|Administrative region||Ionian Islands|
|• Municipal unit||81.1 km2 (31.3 sq mi)|
|• Municipal unit||1,391|
|• Municipal unit density||17/km2 (44/sq mi)|
|Time zone||EET (UTC+2)|
|• Summer (DST)||EEST (UTC+3)|
Pylaros (Greek: Πύλαρος) is a former municipality on the island of Kefalonia, Ionian Islands, Greece. Since the 2011 local government reform it is part of the municipality Kefalonia, of which it is a municipal unit. It is located in the north-central part of the island. It has a land area of 81.112 km² and a population of 1,391 inhabitants (2011 census). The seat of the municipality and largest town is Agia Effimia (pop. 432).
In the north Pylaros borders on the municipal unit of Erisos, and on the border lies Kalo Mountain (901m) and Cape Agriosyko. In the south it borders on the municipal units of Argostoli and Sami, and on the border lies the mountain Agia Dynati (1131m). Pylaros forms a valley between the two mountains, and through it flows the river Xeropotamos. The valley of Pylaros is covered by forests, and contains many rare species of fauna.
To the east lies the bay of Agia Effimia, and to the west it borders on the peninsula of Paliki. At the western frontier is the tableland of Falari and the Gulf of Myrtos. The beach at Myrtos has been voted the best Greek beach on eleven occasions, and is considered one of the best in the world.
The economy of the municipality is based on tourism and dairy farming. In the tablelands of Kalo Mountain, and at the tableland of Falari the main industry is stock-breeding and cheese-making. In bygone days, many of the inhabitants of Pylaros were cheese-makers, and they travelled to Italy and Balkans to make cheese. It is sometimes said that in Falari they produce the best Greek Feta cheese.
Agriculture is well-developed in regions next to Agia Effimia, but tourism is the most important source of income. The region in summer is a mecca for tourists from all over the world, and most of them go to the famous beach at Myrtos. There are hotels, rooms to let, cafes, taverns and shops with souvenirs. In the 19th century, many Pylarians were sailors, shipowners and merchants: they had many ships, and they travelled all over the Mediterranean and the Black Sea. But few people are involved in these trades today.
Pylaros has had a long and significant history, and even the name is ancient. It is thought that the name originates from the ancient words πύλη ("gate") and άρω ("pick up") —that is to say "pick up the gates", because Pylaros is between two "gates": the bays of Agia Efimia and Myrtos. The first historical indications we have are from the Mycenean age. Mycenean vases and huge walls from ancient fortifications have been discovered in Karousata, Logarata and Agia Effimia.
According to a theory there was a sanctuary at Agia Dynati that, because of its shape (it resemble a rock covered with swadding-clothes) was considered to be the rock that Rea gave Cronus to eat to prevent him from eating her children, Zeus. When Zeus gained power, he obliged Cronus to throw the rock in the site of Agia Dynati. At ancient times, Pylaros must have been inhabited, but remains haven't been discovered yet.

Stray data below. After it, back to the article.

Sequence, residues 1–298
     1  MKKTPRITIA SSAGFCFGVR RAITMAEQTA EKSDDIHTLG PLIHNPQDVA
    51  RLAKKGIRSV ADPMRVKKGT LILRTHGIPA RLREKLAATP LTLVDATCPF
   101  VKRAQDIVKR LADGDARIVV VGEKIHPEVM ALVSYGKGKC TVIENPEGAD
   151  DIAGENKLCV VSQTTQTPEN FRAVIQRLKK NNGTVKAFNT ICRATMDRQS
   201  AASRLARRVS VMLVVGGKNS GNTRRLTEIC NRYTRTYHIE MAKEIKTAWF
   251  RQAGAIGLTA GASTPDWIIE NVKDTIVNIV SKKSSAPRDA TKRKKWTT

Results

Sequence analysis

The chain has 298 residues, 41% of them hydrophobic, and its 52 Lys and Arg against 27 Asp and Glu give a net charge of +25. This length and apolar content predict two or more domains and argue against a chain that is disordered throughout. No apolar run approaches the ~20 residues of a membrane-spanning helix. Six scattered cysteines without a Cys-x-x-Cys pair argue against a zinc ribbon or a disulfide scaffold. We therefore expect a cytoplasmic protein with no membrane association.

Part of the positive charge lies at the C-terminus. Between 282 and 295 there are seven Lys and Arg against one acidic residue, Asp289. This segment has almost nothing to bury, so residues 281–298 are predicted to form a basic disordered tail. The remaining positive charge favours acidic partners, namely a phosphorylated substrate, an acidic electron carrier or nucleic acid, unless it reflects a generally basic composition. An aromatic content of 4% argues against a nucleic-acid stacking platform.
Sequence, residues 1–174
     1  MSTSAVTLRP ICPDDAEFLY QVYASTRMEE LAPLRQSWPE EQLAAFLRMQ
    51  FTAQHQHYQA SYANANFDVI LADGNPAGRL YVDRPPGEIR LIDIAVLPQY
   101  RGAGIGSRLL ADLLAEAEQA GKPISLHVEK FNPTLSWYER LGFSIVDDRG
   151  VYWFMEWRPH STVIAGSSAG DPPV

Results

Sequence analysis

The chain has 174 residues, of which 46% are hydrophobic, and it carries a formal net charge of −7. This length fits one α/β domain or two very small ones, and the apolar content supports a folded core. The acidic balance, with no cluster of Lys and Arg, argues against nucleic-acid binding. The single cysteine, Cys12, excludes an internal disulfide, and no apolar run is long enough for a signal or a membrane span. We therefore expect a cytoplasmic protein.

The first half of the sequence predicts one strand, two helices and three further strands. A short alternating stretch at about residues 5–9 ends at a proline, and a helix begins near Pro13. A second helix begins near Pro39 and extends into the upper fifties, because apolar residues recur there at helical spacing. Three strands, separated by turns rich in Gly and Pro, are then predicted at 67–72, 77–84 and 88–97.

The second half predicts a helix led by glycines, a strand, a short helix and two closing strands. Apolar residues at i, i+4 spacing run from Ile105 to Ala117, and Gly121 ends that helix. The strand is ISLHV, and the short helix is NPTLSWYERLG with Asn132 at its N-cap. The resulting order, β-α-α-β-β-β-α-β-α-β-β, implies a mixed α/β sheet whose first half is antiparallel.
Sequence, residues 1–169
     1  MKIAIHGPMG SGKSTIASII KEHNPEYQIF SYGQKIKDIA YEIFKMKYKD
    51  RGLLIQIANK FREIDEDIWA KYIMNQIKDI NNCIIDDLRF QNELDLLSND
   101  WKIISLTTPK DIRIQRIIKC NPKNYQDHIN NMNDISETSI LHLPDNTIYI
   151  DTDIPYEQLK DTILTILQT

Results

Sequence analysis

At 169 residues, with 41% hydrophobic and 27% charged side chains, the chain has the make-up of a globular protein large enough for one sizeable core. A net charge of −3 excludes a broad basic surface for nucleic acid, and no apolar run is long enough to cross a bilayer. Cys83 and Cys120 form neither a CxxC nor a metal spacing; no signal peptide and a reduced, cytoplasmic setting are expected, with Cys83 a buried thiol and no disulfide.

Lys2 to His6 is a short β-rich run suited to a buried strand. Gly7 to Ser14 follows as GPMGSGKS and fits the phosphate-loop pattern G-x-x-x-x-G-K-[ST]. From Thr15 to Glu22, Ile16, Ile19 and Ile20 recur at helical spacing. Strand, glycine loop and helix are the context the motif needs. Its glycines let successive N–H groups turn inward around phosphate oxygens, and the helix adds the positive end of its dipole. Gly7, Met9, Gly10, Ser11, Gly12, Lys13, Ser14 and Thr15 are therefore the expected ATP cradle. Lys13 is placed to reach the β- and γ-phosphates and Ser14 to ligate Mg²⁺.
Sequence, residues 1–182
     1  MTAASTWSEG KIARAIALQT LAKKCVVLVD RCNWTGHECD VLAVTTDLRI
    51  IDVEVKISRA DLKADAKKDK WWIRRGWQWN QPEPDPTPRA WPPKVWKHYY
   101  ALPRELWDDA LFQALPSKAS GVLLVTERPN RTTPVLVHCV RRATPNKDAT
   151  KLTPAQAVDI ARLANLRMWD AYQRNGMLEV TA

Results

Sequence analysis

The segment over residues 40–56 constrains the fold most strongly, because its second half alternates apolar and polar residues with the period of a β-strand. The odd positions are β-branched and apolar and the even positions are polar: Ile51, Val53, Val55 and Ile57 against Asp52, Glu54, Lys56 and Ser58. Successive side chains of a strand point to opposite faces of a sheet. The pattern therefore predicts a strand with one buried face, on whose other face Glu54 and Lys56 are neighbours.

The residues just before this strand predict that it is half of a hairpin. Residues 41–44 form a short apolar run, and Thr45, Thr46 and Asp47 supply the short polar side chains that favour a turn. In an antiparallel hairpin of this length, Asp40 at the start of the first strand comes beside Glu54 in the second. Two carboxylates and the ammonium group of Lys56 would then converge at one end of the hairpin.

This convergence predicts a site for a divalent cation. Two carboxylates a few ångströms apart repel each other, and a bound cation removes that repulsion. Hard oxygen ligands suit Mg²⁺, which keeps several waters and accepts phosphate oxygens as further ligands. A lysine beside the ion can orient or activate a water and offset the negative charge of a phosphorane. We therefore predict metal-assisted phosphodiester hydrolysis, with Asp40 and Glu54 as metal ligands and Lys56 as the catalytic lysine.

At Roman times, Pylaros was a region for amusement of Roman officials, which is proved by a Roman villa discovered in Agia Efimia. At Byzantine times, Pylaros belonged to the "Thema of Kefalonia", one of the prefectures of the Byzantine Empire. The most ancient monastery in Pylaros, the Moni of Panagia Thematon (from the word "Thema") and the yet undiscovered monastery of Agios Polatos, may have been built during those years.
The time of Venetian occupation, probably saw the establishment of the first modern villages (Anomeria, Markata, Karousata, Antypata), and some families (Karousoi, Antypes) have been registered to the "Libro d' Oro". During the time of British occupation, Pylaros was a centre of great rebellions against the British.
During World War II, Pylarians participated in the Greek-Italian war of 1940, the National Resistance and the Greek Civil War. At Pylaros, as all over Kefalonia, many Italians from the 33 Infantry Division Acqui were massacred by the Germans at the famous "Massacre of the Division Acqui", known from the film "Captain Corellis Mandolin". Many Italians were murdered at the site "Madria tou Lala", at Falari.
During the Greek Civil War, some Pylarians were members of the communist Democratic Army of Greece and fought against the Hellenic Army. Two of the last captains of the Democratic Army, Matthaios Kouloubis and Ilias Kougianos who were murdered at September 1949, were Pylarians. (Kefalonia΄s Democratic Army was the last team of communist soldiers in action until December 1949).
Finally in 1953, Pylaros was damaged by the terrible earthquakes that shaked the Ionian Islands. Some days later, the injured inhabitants were visited by the King George II.
- Marinos Antypas (1873–1907) was one of the first Greek Socialists. He started off in Kefalonia, but later moved to Thessaly where he incited farmers against their landowners, which resulted in his murder in 1907. His example helped inspire the Great Agrarian Revolution at Kileler in 1910.
- Evangelis Potamianos was fighter in the Greek Revolution of 1821.
Pylarians have many traditions and customs. In the summer each village holds a religious festival or panigiri dedicated to a particular saint. Pylaria is the origin of one of the two traditional dances of Kefalonia, the Divaratikos. Pylarian is also known for its poetry, which is characteristically sarcastic.
- Agia Efimia | Tourist Guide KefaloniaVisit.com
- kefaloniavisit.com: Kefalonia Island
- Official website (in English) (in Greek)
- "Απογραφή Πληθυσμού - Κατοικιών 2011. ΜΟΝΙΜΟΣ Πληθυσμός" (in Greek). Hellenic Statistical Authority.
- Kallikratis law Greece Ministry of Interior (in Greek)
- "Population & housing census 2001 (incl. area and average elevation)" (PDF) (in Greek). National Statistical Service of Greece.